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Marine vertebrate biotas from Triassic of China

From: Ben Creisler

A new online paper:

Michael J. Benton, Qiyue Zhang, Shixue Hu, Zhong-Qiang Chen, Wen Wen,
Jun Liu, Jinyuang Huang, Changyong Zhou, Tao Xie, Jinnan Tong & Brian
Choo (2013)
Exceptional vertebrate biotas from the Triassic of China, and the
expansion of marine ecosystems after the Permo-Triassic mass
Earth-Science Reviews (advance online publication)

The Triassic was a time of turmoil, as life recovered from the most
devastating of all mass extinctions, the Permo-Triassic event 252
million years ago. The Triassic marine rock succession of southwest
China provides unique documentation of the recovery of marine life
through a series of well dated, exceptionally preserved fossil
assemblages in the Daye, Guanling, and Falang groups. New work shows
the richness of the faunas of fishes and reptiles, and that recovery
of vertebrate faunas was delayed by harsh environmental conditions and
then occurred rapidly in the Anisian. The key faunas of fishes and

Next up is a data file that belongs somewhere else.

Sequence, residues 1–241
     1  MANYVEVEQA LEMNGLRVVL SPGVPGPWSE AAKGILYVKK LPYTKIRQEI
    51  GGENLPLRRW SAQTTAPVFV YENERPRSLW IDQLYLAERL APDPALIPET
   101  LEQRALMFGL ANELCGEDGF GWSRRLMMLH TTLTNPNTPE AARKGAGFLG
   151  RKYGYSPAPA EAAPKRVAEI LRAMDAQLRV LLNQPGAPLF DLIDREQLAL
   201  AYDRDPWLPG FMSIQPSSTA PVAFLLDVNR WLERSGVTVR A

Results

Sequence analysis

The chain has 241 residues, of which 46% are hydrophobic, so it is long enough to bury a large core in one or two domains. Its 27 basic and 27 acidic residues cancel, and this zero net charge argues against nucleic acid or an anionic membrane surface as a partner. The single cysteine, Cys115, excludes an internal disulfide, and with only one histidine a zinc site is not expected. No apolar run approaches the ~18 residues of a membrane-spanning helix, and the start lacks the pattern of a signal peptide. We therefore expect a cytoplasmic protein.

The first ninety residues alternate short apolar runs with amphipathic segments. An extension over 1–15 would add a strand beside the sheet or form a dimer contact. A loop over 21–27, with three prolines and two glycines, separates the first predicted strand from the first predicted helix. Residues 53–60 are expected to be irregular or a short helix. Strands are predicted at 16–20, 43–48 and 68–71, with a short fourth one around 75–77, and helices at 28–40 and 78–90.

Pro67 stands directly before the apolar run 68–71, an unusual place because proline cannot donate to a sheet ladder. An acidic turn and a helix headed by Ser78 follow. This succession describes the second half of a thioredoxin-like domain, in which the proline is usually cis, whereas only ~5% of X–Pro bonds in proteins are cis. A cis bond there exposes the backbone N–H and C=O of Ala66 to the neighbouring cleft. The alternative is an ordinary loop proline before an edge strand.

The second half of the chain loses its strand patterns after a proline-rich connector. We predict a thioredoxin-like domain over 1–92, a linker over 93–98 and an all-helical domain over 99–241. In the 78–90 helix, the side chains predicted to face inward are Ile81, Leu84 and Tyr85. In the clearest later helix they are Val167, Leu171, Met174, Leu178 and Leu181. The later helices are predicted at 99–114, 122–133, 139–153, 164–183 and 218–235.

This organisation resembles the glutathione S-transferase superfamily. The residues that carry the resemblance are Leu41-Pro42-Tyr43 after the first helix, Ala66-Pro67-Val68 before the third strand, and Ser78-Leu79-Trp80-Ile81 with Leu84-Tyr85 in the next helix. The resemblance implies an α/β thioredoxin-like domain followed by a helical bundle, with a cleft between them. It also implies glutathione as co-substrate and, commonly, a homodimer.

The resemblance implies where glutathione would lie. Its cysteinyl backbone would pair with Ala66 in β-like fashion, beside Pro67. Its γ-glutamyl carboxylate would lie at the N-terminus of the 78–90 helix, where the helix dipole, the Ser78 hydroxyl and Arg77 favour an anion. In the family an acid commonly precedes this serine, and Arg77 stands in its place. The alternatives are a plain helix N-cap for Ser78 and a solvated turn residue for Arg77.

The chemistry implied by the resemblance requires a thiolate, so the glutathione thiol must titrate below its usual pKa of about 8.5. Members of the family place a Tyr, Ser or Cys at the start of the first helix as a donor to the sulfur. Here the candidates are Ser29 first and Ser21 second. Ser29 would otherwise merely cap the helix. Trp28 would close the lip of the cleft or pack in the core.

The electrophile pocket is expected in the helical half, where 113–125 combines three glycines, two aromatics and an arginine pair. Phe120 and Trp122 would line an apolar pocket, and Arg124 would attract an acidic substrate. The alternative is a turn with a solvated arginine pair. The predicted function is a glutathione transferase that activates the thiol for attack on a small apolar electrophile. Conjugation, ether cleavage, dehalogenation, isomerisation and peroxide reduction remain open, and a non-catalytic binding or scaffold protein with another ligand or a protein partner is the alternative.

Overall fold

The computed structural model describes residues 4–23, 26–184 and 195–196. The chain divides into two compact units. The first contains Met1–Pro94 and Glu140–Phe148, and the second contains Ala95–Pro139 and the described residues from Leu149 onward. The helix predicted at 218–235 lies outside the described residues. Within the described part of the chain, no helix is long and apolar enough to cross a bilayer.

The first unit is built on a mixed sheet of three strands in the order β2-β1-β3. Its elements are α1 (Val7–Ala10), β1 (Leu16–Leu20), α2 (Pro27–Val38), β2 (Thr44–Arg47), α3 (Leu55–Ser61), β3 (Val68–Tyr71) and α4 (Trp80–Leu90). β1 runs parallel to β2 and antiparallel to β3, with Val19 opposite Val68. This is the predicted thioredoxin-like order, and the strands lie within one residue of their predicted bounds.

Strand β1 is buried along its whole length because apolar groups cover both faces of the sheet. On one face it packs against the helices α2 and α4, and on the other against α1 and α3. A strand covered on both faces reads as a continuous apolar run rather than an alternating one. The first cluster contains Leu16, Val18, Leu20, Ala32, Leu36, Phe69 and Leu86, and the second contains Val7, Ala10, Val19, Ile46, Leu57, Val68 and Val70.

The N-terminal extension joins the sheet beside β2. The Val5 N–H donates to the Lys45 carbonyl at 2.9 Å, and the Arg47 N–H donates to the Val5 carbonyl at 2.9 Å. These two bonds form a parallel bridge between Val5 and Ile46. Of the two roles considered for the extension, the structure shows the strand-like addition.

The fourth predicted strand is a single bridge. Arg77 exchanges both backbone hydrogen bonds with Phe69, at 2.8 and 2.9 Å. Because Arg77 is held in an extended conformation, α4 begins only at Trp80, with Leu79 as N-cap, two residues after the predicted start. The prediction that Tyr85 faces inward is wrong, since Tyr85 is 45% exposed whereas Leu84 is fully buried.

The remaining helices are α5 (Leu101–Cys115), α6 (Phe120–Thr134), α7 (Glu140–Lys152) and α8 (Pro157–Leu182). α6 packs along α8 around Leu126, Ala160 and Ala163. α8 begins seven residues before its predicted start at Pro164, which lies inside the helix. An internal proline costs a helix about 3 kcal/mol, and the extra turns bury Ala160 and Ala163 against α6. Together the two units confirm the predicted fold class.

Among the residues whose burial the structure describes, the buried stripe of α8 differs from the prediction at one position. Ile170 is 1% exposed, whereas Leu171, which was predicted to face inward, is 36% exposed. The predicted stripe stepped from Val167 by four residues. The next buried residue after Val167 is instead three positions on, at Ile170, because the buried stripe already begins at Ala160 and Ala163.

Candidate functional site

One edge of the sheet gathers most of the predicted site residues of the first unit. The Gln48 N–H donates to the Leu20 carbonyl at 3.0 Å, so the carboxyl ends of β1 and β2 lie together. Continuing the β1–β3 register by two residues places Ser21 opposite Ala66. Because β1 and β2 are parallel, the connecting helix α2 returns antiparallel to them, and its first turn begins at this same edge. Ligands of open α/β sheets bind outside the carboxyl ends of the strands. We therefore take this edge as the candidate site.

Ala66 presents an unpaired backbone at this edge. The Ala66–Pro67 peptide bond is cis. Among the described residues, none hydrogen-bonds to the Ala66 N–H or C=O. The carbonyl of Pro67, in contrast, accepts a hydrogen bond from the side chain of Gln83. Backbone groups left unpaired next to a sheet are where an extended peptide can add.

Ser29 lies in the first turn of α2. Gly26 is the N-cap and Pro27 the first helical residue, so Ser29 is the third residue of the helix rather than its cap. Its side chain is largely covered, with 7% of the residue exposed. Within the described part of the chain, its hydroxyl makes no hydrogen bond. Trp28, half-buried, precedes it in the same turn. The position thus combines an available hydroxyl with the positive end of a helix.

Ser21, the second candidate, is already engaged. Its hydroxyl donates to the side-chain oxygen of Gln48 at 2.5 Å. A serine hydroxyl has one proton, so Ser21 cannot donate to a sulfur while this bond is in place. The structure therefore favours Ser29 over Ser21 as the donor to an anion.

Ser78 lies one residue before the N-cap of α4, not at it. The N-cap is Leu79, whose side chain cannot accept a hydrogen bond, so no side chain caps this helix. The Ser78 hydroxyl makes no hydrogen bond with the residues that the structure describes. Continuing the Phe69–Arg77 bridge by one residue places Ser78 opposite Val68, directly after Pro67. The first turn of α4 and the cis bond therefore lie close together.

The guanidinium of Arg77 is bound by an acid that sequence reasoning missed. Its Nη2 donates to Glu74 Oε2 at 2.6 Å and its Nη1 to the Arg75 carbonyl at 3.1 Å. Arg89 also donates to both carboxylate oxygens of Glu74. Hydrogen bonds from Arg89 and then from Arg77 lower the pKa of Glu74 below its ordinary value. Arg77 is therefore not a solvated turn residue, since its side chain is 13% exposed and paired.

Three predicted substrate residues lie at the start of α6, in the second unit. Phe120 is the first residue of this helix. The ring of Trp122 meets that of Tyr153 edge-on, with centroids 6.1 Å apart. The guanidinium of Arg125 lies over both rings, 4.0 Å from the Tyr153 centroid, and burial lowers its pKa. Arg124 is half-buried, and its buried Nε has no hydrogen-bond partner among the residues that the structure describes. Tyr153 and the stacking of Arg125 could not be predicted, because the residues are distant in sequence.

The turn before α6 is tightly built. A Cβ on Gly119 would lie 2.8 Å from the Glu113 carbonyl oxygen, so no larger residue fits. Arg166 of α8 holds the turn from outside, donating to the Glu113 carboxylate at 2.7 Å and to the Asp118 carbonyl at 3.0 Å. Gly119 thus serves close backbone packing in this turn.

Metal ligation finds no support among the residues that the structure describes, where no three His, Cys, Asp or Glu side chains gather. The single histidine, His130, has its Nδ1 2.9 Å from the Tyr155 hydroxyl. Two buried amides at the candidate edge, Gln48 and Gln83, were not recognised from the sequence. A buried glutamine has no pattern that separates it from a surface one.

reptiles come from a limited area in eastern Yunnan and western
Guizhou provinces, and these may be dated relative to shared
stratigraphic units, and their palaeoenvironments reconstructed. The
Luoping and Panxian biotas, both from the Guanling Formation, are
dated as Anisian (Pelsonian) on the basis of conodonts and radiometric
dates, the former being slightly older than the latter. The Xingyi
biota is from the Zhuganpo Formation, and is Ladinian or early
Carnian, while the Guanling biota is from the overlying Xiaowa
Formation, dated as Carnian. The first three biotas include extensive
benthos and burrowing in the sediments, and they were located in
restricted basins close to shore. Further, even though the Luoping and
Panxian biotas are of similar age, their faunas differ significantly,
reflecting perhaps palaeogeographically isolated basins. Between the
time of the Xingyi and Guanling biotas, there was a major
transgression, and the Guanling biota is entirely different in
character from the other three, being dominated by pelagic forms such
as large floating crinoids attached to logs, very large ichthyosaurs
and thalattosaurs, and pseudoplanktonic bivalves, with no benthos and
no burrowing. Phylogenetic study of the fishes and marine reptiles
shows apparently explosive diversification among 20 actinopterygian
lineages very early in the Early Triassic, but a later expansion of
marine reptile groups, in the late Olenekian and early Anisian. This
offset in diversification patterns is matched by comparisons of
feeding guild categories and body size data. New research tools will
shed considerable light on the phylogenetic and ecological
implications of recovery of mairne vertebrates in the Triassic.